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Instructor Class Description

Time Schedule:

Sanjeev Khagram
SIS 330
Seattle Campus

Political Economy of Development

Growth, income distribution, and economic development in less-developed countries today. Policies concerning trade, industrialization, the agricultural sector, human resources, and financing of development. Prerequisite: either ECON 201, GEOG 123 or SIS 123, any of which may be taken concurrently.

Class description

What is development? What is underdevelopment? Why are some parts of the world -- across countries and within them -- developed and others underdeveloped? Did colonialism produce development or underdevelopment? Does culture matter? How are nation and state-building related to development and underdevelopment? Are states or markets, authoritarian regimes or democracies better at promoting development?

What is democracy and what factors promote democratization? What is the role of ethnicity and gender in development? What is globalization and what does it imply for development and underdevelopment? Why have non-state actors such as nongovernmental organizations, social movements, private-sector firms, multinational corporations, professional associations, become more central to development? How can a shift to sustainable human development be achieved?

This course aims to achieve three primary goals: 1) to introduce students to a range of contending perspectives that claim to shed light on the meanings and causes of development and underdevelopment, 2) to investigate the diverse real world experiences of development and underdevelopment from around the world and over history, particularly the last fifty to 100 years, and 3) to interrogate alternative visions, models, strategies, policies, projects, institutions and processes of development.

Student learning goals

General method of instruction

The emphasis of the course is on conceptual understanding, critical analysis and creative thinking not on details, memorization and regurgitation. Attendance and active participation in class are mandatory requirements. These will weigh heavily in student evaluations because the format of the course will be mixed lecture/discussion/debate. Each student will be required to complete one mid-term, one final exam and one group presentation. Additional shorter assignments will complement these core requirements.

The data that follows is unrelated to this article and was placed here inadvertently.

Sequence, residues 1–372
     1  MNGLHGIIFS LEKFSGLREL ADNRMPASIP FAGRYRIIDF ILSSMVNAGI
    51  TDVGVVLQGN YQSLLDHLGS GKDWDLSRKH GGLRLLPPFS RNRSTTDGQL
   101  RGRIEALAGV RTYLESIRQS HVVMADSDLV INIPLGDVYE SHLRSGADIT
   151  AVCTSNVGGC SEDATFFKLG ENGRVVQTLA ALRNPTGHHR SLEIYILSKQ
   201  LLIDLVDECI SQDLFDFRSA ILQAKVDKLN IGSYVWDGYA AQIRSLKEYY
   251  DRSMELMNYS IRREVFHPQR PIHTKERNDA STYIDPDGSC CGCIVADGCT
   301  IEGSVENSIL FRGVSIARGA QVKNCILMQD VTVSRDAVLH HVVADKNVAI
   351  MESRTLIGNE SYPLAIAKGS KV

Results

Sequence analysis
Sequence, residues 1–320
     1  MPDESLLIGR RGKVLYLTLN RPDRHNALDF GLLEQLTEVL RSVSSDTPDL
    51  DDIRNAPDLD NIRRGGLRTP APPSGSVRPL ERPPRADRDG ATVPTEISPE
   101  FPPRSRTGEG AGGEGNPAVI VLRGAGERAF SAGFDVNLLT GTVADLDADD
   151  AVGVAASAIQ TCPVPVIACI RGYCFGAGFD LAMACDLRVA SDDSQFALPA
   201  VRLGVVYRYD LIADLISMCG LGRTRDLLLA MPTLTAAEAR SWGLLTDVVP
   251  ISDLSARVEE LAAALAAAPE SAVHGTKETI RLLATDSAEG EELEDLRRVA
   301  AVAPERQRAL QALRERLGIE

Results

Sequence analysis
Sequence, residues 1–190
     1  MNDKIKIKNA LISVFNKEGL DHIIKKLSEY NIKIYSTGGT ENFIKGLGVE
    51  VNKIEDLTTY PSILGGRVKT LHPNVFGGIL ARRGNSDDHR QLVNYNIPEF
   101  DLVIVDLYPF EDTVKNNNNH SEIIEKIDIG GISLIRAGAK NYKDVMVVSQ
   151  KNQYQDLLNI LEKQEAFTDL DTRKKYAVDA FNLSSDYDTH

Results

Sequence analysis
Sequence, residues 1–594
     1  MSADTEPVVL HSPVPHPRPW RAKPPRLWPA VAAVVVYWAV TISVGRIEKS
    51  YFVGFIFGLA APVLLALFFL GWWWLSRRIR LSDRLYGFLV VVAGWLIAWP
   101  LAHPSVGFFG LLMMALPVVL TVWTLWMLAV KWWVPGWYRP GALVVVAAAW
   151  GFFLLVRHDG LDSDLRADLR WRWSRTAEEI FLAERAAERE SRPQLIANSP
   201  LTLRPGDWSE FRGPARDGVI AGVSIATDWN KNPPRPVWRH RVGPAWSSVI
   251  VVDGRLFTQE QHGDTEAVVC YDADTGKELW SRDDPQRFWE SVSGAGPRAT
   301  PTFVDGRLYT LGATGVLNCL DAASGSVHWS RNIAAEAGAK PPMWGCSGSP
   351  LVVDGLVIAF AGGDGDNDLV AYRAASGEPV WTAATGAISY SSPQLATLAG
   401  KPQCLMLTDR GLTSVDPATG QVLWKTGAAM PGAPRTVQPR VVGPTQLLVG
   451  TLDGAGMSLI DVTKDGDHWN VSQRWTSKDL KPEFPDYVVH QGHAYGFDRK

Recommended preparation

Prior coursework in the social sciences (anthropology, economics, political science, sociology, etc.), geography and/or international studies is preferable but not a prerequisite for taking this course. The course is highly interdisciplinary and will be of particular interest to those students who want a comparative and global perspective on development and underdevelopment with a particular emphasis on the regions of Africa, Asia and Latin America.

Class assignments and grading

Attendance and active participation in class are mandatory requirements. These will weigh heavily in student evaluations because the format of the course will be mixed lecture/discussion/debate. Each student will be required to complete one mid-term, one final exam and one group presentation. Additional shorter assignments will complement these core requirements.

Attendance and active participation in class are mandatory requirements. These will weigh heavily in student evaluations because the format of the course will be mixed lecture/discussion/debate. Each student will be required to complete one mid-term, one final exam and one group presentation. Additional shorter assignments will complement these core requirements.


The information above is intended to be helpful in choosing courses. Because the instructor may further develop his/her plans for this course, its characteristics are subject to change without notice. In most cases, the official course syllabus will be distributed on the first day of class.
Last Update by M Jane Meyerding
Date: 10/19/2005